Wilding‘s flights of fancy are a delightful and mesmerising distraction from our troubled times – psychedelic, jangling vignettes of everyday life delivered with a compassionate eye and a wry exposition. His album last year – ‘The Death of Foley’s Mall’ made my list of top albums released in Australia/New Zealand last year, and the first ‘side’ of his new single is the delightful ‘Losing Teeth’ from that album.
Wilding (known to friends, family and the local barista as Justin Wilding Stokes) fills his songs with whimsy – his erudite observations on his surroundings are profound and kind. He says – I’m drawn to the loneliness of old things – objects, buildings, stories, people – and the title of the song speaks for itself: a gentle look at the entropy of life and the slow decay we all face on our journey:
I was once a boy with a future bright and a happy smile of alabaster white. Oh, I’m just fed up with losing teeth
But Wiliding’s journey is not all dark: we are transported along a jingle jangle highway that bristles with energy and a psychedelic sheen: there is a fairground swirl and gentle wafting melodies. If this is the soundtrack to our inevitable decline, sign me on board.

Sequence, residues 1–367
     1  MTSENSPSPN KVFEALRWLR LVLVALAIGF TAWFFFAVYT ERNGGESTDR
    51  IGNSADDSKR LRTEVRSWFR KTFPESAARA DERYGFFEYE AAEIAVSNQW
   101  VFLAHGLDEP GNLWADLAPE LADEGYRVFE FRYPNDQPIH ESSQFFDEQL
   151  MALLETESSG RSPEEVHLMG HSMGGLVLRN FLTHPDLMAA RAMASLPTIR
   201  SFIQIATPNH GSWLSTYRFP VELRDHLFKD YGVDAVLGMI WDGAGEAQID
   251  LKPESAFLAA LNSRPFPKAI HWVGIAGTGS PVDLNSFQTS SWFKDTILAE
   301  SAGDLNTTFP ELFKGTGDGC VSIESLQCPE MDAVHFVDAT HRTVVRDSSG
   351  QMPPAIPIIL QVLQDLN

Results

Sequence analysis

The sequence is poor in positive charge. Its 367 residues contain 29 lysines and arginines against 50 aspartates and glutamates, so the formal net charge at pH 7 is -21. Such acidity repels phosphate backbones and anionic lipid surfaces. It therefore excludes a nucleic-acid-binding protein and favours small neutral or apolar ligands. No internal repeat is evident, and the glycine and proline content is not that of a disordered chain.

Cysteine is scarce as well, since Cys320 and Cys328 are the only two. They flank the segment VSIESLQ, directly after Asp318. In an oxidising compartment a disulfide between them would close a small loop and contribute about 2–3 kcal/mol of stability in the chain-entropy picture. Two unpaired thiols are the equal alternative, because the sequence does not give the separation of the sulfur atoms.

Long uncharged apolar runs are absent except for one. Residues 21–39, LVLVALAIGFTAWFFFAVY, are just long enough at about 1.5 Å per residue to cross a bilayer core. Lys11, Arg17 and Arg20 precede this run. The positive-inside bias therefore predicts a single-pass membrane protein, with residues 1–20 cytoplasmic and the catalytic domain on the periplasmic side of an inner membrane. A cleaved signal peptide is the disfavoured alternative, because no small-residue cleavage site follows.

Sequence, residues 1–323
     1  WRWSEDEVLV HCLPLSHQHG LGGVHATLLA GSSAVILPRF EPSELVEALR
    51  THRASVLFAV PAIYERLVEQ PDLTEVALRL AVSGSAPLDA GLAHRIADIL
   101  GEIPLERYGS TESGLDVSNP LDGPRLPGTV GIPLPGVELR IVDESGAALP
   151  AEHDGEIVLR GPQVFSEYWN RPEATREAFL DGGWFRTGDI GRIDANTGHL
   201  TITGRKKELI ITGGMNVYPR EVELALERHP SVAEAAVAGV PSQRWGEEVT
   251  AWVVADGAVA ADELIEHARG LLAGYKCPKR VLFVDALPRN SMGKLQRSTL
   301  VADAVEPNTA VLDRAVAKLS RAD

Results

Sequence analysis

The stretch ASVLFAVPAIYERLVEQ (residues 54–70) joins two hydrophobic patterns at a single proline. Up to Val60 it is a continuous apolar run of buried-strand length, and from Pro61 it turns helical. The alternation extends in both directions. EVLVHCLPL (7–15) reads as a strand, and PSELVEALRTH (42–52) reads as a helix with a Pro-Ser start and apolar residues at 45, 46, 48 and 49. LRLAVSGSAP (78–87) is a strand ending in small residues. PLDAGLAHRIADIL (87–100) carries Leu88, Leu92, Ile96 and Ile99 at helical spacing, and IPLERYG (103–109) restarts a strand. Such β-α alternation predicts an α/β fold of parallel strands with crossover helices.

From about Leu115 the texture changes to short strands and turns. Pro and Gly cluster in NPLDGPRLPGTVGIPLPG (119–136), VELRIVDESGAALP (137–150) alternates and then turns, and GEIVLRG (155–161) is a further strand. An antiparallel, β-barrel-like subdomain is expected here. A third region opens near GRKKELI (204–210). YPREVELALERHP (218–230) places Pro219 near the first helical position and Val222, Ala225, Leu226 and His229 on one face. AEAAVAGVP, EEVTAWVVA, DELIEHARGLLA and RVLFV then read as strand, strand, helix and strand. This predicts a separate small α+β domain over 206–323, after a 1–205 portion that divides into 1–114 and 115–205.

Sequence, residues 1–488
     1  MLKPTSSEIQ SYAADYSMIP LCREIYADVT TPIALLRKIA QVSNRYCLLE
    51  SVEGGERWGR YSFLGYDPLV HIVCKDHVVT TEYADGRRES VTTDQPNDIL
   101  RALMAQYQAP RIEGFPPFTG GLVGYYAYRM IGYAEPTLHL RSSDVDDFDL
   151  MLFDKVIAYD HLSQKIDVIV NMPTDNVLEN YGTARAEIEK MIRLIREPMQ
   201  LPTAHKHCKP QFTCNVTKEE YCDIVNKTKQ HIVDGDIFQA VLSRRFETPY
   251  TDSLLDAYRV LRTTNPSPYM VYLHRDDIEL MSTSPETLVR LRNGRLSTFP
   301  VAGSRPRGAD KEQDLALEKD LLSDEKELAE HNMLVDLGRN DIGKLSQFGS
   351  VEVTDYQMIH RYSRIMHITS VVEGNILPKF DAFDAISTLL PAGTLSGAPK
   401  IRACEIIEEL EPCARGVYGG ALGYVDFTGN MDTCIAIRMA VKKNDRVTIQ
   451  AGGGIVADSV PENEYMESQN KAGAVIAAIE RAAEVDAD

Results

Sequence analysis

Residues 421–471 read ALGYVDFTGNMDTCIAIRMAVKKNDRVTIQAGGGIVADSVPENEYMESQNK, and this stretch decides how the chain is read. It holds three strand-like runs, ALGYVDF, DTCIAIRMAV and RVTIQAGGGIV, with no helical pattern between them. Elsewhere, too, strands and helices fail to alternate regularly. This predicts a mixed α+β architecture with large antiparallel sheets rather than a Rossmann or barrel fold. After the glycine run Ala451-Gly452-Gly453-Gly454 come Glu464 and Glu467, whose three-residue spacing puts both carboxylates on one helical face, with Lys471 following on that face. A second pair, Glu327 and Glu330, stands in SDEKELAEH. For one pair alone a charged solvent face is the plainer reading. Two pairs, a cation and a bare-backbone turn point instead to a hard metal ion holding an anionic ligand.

Wilding has the ear for melody and the delicate cynicism we might recognise in the work of XTC or Jarvis Cocker/Pulp and a Beatlesesque songcraft, yet carves his own distinct niche.
The single has a ‘B’ side too as an added bonus – a new track called ‘Did You Hear That?’ – another sparkling piece of whimsy with an unsettling narrative of fear and anxiety. Gentle plonking and picking guitars accompany a fairytale style melody with a dark undertone: creating a delicious juxtaposition between the lyrics – all paranoia and nervousness – and the bright and bubbly tune that launches into the most psychedelic middle eight.
But above all, again, is Wilding’s pure songwriting craft that creates from nothing indelible melodies and sparkling, layered instrumentation mixed with intelligence and emotion. He really is a welcome beam of light when all else around is dark:
The two singles and the album ‘The Death of Foley’s Mall’ is out now through the highly comforting and eternally legendary Half a Cow Records, purveyors of good taste.
Feature Photograph: Lee Hooper